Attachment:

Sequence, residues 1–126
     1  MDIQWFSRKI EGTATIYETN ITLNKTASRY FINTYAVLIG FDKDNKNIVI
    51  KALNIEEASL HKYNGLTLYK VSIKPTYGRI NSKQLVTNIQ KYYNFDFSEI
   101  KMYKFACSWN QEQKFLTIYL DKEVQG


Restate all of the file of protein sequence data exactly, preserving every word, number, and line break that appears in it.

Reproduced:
Sequence, residues 1–126
     1  MDIQWFSRKI EGTATIYETN ITLNKTASRY FINTYAVLIG FDKDNKNIVI
    51  KALNIEEASL HKYNGLTLYK VSIKPTYGRI NSKQLVTNIQ KYYNFDFSEI
   101  KMYKFACSWN QEQKFLTIYL DKEVQG